By TEDDY ALLEN/Designated Writers
I was innocently standing around at Louisiana Tech football practice last week, about 10 feet from the sideline around midfield, when one of Tech’s cornerbacks, Amik Robertson, jumped high in back of a receiver who’d run what we used to call a flag route toward my sideline. He reached over the receiver and, at the height of his jump, picked off the pass without touching the guy the pass was intended for. Amik’s hands, attached to his 5-9 body, were just a little higher than the receiver’s hands.
He landed. With the football. And, with the play dead because it’s practice, he laughed.
But just another day at his outdoor office for the junior from Thibodaux, who was named Pro Football Focus (PFF) First Team All-America Monday, and that’s saying something because here’s how PFF picks its team:
“Utilizing our play-by-play grades of the every player on every play of every game, our list of All-Americans takes into account every player’s actions on the field on Saturdays while also utilizing our wealth of signature statistics to determine the list. The strength of opponent and consistent play also factor into our selections detailed below.”
Doesn’t matter where you play or where you’re from. I like that.
Second Team is Elijah Molden of Washington. Third team is Ahmad Gardner of Cincinnati. And Honorable Mentions are Jaylon Johnson of Utah and Alabama’s Patrick Surtain II.
The other first-string corner is Derek Stingley Jr. of LSU. (LSU QB Joe Burrow, frontrunner for the Heisman Trophy, is first team at his position.)
Two years ago, Robertson earned a spot on the Football Writers Association of America Freshman All-American Team.
He’s the real deal. And getting real-er.
Here’s what PFF said about him. It’s just the facts, ma’am…:
No cornerback made more plays on the ball than Robertson did during the season, breaking up 17 balls and intercepting five more to record just a 53.7 passer rating into his primary coverage. Limiting himself to just two penalties all year, Robertson played a sticky but safe brand of coverage and dominated at the catch point. His 19 total forced incompletions led the nation as he allowed a catch just 52.6% of the time into his coverage, all leading to his national-best coverage grade of 91.3. He was terrific across the board but not just against the pass.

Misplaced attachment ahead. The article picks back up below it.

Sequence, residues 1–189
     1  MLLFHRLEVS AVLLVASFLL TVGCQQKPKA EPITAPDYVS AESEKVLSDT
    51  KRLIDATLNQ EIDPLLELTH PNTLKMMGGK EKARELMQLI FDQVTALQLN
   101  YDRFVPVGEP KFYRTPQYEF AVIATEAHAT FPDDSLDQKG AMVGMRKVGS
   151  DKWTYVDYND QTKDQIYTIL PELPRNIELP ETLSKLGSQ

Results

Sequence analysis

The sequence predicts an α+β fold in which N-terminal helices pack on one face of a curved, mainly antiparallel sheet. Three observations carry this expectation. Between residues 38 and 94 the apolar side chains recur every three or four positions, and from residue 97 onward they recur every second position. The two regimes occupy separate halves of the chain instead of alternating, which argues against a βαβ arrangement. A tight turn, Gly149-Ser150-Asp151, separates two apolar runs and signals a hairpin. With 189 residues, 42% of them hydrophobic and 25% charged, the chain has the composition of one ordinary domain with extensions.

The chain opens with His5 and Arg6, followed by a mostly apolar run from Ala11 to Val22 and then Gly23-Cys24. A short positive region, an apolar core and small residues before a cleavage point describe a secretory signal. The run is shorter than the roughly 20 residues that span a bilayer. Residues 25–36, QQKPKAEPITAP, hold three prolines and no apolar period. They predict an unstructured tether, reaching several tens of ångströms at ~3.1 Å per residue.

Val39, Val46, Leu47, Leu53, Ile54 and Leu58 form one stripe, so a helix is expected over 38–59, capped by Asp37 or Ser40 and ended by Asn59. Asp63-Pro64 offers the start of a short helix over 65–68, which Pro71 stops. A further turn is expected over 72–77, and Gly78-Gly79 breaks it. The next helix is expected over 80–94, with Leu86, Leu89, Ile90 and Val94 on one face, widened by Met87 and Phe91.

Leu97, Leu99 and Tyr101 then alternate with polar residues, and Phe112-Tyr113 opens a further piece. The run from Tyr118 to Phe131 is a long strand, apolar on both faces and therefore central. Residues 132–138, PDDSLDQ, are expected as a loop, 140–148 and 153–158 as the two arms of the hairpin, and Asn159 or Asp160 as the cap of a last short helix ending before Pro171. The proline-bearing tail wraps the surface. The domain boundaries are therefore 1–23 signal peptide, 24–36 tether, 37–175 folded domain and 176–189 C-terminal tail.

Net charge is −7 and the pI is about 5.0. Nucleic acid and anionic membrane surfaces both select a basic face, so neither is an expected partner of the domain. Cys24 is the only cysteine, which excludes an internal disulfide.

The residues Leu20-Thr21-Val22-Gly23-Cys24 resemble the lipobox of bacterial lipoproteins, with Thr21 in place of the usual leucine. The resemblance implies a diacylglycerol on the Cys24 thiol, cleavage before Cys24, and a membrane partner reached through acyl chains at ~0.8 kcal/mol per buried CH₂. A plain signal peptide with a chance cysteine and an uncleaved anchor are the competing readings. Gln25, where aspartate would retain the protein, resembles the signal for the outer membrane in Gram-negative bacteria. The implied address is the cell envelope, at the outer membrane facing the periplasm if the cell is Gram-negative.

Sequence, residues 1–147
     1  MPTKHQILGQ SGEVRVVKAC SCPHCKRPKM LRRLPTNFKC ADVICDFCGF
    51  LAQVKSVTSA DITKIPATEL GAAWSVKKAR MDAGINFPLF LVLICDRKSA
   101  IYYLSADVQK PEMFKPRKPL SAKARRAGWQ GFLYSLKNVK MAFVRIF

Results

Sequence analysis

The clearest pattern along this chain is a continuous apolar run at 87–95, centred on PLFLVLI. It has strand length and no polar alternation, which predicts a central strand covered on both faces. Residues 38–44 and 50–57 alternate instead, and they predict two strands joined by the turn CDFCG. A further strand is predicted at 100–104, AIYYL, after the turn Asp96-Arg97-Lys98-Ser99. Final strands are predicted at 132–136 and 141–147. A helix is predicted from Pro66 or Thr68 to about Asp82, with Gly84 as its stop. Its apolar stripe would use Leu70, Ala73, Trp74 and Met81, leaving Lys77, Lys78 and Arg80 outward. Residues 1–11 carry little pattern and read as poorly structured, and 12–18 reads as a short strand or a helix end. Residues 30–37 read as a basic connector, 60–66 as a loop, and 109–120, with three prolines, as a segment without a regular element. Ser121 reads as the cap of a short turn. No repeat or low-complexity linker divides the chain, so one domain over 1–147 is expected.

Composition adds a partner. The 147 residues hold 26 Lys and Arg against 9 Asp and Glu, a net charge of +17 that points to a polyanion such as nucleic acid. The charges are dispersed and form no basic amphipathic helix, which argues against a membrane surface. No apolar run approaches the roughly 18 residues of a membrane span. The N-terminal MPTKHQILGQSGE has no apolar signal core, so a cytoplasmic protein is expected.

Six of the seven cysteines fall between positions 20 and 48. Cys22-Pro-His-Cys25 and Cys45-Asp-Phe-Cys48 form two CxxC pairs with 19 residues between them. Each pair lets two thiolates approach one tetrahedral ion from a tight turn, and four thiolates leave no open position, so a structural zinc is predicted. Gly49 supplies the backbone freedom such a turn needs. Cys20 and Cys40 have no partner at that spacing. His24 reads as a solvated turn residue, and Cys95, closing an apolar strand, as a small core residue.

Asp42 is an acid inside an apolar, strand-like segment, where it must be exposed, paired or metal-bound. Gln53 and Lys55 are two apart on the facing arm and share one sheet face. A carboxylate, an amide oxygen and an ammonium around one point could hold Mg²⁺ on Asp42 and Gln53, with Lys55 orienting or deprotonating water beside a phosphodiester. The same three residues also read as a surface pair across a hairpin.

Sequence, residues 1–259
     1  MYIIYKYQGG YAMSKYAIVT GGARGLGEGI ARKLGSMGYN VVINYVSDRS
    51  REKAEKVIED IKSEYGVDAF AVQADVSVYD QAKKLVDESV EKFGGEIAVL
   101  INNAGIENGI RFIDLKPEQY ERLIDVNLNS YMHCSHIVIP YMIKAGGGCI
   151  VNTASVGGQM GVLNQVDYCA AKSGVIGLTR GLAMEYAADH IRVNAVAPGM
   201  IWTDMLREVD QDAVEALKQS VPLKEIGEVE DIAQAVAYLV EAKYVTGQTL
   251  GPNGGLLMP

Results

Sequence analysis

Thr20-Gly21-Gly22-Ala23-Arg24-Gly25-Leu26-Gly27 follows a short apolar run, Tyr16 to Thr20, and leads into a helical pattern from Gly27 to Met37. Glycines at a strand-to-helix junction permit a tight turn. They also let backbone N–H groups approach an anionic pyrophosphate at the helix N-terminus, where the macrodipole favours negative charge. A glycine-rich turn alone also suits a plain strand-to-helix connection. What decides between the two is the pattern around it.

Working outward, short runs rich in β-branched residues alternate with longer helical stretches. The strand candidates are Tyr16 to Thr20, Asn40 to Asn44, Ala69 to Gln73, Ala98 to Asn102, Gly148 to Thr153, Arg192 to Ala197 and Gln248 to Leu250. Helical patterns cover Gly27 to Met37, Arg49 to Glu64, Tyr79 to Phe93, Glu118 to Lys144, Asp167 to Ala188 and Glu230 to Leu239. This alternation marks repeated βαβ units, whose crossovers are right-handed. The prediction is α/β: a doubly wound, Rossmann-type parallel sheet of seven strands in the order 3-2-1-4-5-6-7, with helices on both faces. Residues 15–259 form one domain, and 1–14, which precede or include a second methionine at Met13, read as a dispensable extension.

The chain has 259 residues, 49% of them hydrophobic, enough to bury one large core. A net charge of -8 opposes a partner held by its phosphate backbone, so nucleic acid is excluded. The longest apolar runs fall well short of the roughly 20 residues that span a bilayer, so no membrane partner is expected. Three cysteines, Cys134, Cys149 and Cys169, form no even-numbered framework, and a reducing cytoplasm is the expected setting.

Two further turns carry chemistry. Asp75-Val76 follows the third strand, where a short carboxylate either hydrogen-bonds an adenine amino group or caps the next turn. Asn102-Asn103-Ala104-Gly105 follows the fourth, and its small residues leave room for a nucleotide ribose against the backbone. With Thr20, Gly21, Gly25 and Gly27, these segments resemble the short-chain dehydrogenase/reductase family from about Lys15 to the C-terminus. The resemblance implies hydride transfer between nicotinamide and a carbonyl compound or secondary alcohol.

Robertson also made 24 total defensive stops, ranking eighth among all cornerbacks, and that went as far as timing blitzes with near perfection, getting home with pressure on a third of his pass-rushes.
He jumped early once this year on a deep ball and, instead of getting an interception, gave up a big catch. Saturday in the final win of Tech’s 9-3 regular season, he made a bad decision as a punt returner and cost his team a touchdown. He’ll take a risk now and then and come in second.
But he practices hard and he plays hard and he’s saved Tech’s bacon more than once. He took over the North Texas game back in October. And he’s a big reason the Bulldogs have a chance to win their sixth bowl game in six consecutive years.
By the way, Amik is his mom Kima’s name, spelled backward. “I didn’t like it at first,” he said a couple of years ago when I asked him. “I kind of like it now.”
It’ll be a bummer if Tech fans won’t hear it again in Joe Aillet Stadium. Hopefully he’ll stick around for his senior season. He’s given no indication he won’t. Because of his talent and work and heart for the game, and because of the position he plays, he’s one of those “he alone is worth the price of admission” guys. And a Team Guy all the way.
In Tech’s 45-30 victory over Southern Miss in October, Robertson picked off three passes, added two pass break-ups, made a tackle at the 17 on a kick cover play, and knocked out USM’s leading rusher with a legal but vicious tackle. In the post-game press conference, he was asked what his favorite play of the night was.
“Winning,” he said. Then he waited for the next question.
You can find the rest of the PFF team here:
📰 | bit.ly/2r3UUdI